Retired actor Michael J. Fox is coming to terms with how difficult his more than 30-year battle with Parkinson’s disease has become, telling CBS Sunday Morning‘s Jane Pauley that it is just a matter of time before the illness will claim the life of the 61-year-old.
“Yeah, it’s banging on the door,” Fox says. “I’m not going to be 80.”
The star of the wildly popular 1980s TV series Family Ties and the late 80s Back to the Future sci-fi/comedy film trilogy says surgery in 2018 to remove a benign tumor on his spine has led to a series of falls that have broken bones in his arm, elbow, face and hand. Fox says the main cause of death from Parkinson’s disease is falling and aspirating food, which leads to pneumonia. Parkinson’s usually first appears in those over the age of 60.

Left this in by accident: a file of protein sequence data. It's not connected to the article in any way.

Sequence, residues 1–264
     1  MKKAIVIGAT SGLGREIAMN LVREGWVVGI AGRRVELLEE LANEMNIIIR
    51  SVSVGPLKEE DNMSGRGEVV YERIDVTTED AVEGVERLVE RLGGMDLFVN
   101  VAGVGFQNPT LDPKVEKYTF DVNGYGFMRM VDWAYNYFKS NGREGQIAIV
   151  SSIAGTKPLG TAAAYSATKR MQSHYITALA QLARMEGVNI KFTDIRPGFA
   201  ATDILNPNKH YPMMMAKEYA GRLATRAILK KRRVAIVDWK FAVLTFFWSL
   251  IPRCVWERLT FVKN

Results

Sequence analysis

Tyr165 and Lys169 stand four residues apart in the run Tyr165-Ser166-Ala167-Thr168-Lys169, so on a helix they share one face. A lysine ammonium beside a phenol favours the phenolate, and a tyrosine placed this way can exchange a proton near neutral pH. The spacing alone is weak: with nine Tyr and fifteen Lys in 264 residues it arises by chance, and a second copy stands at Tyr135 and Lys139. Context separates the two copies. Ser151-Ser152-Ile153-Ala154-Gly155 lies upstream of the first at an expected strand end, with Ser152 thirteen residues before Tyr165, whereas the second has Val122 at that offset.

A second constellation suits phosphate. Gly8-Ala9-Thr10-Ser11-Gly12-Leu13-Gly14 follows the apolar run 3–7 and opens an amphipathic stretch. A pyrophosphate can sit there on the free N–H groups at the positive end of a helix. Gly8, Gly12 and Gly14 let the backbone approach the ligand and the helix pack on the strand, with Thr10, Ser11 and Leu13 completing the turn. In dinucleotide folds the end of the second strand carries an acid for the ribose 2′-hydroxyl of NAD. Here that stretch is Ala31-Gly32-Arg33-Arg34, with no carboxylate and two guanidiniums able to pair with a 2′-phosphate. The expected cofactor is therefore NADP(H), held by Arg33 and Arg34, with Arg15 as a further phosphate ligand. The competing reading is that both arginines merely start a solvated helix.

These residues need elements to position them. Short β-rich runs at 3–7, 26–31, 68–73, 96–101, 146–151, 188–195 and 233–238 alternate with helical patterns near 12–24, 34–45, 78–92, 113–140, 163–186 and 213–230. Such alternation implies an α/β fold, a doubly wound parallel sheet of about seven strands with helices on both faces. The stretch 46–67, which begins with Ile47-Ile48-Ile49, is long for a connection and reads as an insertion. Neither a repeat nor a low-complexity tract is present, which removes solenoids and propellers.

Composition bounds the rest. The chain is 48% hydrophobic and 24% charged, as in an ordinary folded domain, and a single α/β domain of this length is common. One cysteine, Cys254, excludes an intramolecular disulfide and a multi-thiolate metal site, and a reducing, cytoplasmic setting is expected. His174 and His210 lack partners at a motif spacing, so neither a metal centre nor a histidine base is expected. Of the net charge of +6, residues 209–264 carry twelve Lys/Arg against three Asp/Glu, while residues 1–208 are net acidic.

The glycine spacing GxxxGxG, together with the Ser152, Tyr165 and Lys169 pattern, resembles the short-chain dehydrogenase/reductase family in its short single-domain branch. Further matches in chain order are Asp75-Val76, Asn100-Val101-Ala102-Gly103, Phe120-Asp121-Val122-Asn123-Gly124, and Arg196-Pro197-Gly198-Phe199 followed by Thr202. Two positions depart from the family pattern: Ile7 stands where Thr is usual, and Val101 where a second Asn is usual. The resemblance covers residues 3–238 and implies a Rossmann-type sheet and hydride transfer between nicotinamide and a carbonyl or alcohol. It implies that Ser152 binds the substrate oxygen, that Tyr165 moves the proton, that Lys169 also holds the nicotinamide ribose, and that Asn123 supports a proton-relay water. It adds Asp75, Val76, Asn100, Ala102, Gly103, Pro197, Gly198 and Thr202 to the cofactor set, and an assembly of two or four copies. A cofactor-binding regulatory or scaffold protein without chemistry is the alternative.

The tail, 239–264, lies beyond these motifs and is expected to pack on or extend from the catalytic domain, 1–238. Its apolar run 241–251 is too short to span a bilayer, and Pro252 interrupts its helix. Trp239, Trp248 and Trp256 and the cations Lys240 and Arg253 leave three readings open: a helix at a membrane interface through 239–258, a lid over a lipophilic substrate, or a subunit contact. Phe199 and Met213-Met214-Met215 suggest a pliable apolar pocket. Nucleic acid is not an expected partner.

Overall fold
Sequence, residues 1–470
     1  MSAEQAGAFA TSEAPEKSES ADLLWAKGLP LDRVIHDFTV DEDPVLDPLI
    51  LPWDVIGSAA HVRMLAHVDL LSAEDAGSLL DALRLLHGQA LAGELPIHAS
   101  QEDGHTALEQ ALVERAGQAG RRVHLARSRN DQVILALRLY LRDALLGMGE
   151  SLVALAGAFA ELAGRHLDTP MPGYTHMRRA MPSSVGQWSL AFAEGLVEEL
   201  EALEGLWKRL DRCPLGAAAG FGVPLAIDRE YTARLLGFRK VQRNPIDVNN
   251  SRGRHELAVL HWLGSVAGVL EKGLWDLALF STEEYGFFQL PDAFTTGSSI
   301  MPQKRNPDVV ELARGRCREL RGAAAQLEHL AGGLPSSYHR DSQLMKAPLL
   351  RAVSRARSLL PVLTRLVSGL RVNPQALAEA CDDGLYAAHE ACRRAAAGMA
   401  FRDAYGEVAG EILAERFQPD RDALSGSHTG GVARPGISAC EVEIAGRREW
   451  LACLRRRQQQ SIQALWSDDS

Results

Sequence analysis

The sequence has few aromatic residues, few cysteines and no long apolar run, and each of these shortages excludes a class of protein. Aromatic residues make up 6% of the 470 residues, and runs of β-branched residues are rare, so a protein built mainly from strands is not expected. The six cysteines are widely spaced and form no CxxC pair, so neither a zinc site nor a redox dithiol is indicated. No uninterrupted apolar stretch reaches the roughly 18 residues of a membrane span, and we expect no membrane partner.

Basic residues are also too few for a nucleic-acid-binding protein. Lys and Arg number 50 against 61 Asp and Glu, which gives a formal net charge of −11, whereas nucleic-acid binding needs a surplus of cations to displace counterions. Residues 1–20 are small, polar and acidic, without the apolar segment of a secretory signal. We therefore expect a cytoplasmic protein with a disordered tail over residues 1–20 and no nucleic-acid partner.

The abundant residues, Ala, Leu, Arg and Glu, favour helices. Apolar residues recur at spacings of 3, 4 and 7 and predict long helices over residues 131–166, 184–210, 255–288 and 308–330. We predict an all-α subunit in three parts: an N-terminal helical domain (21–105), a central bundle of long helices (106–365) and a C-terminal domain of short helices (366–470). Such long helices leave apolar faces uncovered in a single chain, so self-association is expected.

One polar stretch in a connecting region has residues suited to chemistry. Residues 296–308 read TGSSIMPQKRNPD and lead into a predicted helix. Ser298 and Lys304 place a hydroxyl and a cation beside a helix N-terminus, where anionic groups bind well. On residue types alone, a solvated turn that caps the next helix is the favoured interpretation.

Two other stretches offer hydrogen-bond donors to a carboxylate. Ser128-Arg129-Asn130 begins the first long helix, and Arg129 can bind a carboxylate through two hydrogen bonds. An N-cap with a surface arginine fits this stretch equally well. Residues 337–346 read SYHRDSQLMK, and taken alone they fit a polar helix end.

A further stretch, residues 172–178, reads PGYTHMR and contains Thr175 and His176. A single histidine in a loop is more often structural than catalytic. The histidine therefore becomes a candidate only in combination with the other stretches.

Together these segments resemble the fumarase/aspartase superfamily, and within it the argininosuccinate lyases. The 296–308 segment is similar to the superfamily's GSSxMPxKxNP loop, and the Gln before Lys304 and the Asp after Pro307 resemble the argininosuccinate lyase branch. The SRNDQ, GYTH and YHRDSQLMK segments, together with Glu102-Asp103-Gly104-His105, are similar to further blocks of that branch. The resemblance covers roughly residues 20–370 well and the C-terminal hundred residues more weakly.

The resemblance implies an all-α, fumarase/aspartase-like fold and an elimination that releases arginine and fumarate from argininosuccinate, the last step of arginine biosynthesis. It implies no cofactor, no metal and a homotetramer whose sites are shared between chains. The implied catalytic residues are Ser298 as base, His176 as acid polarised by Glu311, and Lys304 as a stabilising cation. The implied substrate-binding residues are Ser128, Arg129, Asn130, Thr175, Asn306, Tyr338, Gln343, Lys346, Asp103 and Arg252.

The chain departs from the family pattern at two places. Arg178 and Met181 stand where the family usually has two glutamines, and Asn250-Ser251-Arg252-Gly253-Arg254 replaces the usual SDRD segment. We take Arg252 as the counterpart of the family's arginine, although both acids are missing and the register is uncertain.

Diagnosed with the degenerative brain disorder in 1991 at the age of 29 and going public with it seven years later, Fox has become a leading advocate for Parkinson’s research. The Michael J. Fox Foundation has raised more than $1 billion dollars since its inception in 2000, becoming the world’s largest non-profit funder of studies to fight the disease. Symptoms of Parkinson’s disease include tremors, limb stiffness, gait-and-balance problems, slowness of movement and sleep disorders.
In November 2022, Fox received an honorary Oscar, the Jean Hersholt Humanitarian Award, for his advocacy work.
Fox’s full interview with Jane Pauley will air on CBS Sunday Morning at 9am ET/6am PT.